[2016-09-11] • HOP, Bas Belleman
President-elect Trump wants to reduce student loan debts
9 November 2016 – For students, having Donald Trump elected as the next President of the United States might be good news. He wants to reduce tuitions and solve the ‘student loan debt crisis’.
But we didn’t hear much about this during his campaign. Before the elections, almost all of the campaign focused on crude remarks and mud-slinging. Could he actually say that Clinton should go to prison? Did he really joke about grabbing a woman’s crotch?
Yet, Trump also talked about higher education. In a speech he gave in Ohio in October, he said that he wants to reduce tuitions and solve the ‘student loan debt crisis’. A student loan debt shouldn’t be a millstone around the neck for students for the rest of their life. ‘We’re gonna work it out, folks.’
After graduation, student’s shouldn’t have to shell out more than 12.5 percent of their income to repay their student loan. And a student loan debt should be forgiven if not paid off within 15 years. ‘Hey, it’s really hard on young people.’
He also wants to force higher education institutions to reduce their skyrocketing tuition fees. ‘If the federal government is going to subsidise student loans, then colleges must be held accountable to invest in their students.’
If schools do not invest endowment money to reduce costs for students, Trump said the government may reconsider whether they deserve to keep those endowments tax-exempt. ‘They’ll have to do it, and not wait around either.’
In exchange, he would ease compliance with federal regulations to save colleges on these costs. He also emphasised that he would protect the right to free speech on campuses.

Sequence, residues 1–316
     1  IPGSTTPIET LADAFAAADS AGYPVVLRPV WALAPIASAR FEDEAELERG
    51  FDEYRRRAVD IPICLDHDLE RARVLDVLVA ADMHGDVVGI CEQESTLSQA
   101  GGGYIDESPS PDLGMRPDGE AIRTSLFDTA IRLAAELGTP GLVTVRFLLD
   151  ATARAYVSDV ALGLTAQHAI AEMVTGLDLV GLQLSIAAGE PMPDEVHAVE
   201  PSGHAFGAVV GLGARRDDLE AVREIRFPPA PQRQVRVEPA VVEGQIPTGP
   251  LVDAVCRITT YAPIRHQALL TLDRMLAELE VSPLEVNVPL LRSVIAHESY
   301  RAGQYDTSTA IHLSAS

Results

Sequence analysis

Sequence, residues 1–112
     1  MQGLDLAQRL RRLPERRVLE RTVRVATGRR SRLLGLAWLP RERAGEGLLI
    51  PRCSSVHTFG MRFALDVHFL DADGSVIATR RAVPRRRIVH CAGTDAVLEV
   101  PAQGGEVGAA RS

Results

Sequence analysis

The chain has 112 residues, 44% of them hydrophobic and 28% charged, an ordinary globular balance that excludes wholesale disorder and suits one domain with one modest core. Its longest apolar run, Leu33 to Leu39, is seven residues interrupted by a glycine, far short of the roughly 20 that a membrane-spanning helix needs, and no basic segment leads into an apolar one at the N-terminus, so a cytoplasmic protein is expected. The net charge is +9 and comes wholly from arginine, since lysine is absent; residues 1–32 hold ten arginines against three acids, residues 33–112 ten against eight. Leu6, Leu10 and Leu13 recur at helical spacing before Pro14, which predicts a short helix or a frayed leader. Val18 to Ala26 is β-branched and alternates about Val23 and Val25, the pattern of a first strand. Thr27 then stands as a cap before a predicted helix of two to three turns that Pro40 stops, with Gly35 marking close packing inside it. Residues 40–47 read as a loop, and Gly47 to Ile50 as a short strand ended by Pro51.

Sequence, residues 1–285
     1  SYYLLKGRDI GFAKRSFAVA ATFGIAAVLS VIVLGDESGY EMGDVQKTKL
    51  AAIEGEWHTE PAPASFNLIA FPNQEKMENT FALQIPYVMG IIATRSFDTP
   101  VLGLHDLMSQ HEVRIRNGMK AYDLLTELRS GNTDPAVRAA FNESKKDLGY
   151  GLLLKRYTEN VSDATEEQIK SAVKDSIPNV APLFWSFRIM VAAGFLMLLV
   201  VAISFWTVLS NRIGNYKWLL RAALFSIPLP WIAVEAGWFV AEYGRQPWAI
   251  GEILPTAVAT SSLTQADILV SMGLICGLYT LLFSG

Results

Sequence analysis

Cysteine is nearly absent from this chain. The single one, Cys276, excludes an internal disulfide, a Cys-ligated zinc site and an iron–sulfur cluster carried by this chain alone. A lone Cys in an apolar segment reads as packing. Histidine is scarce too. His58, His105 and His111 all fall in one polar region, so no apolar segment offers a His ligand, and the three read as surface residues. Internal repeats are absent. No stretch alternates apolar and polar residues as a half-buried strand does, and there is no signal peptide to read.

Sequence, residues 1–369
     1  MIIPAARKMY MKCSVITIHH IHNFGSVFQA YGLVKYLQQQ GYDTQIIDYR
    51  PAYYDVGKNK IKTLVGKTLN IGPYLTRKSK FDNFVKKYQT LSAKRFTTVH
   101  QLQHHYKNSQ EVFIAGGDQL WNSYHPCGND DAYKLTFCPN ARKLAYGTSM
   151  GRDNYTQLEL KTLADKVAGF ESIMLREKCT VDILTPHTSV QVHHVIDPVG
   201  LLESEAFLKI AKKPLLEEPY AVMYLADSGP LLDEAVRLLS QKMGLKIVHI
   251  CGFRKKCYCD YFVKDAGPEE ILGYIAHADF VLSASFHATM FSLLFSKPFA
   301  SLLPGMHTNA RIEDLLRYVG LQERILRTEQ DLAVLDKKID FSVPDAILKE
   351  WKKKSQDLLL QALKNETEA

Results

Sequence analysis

It was this last remark in particular that generated huge applause from the crowd. It surprised him. ‘Wow, you appreciate this even more than lower college costs! That’s impressive. What’s going on? That’s cool.’
The President of the United States doesn’t reign supreme, of course, so whether his plans will be realised is up for grabs. According to Hillary Clinton’s campaign team, these were simply empty promises that Trump made while hers were a lot more specific. She wanted to waive tuition for students attending a public educational institution if they were from families with incomes of less than $125,000 a year.
It should also be said that Donald Trump is facing a lawsuit involving his Trump University that offers private, non-accredited degree programmes in real estate, asset management and entrepreneurship. He is alleged to have given students false hopes. Trump, however, says that the judge is biased because of his Mexican heritage. The President-elect is expected to appear as a witness in this case this month.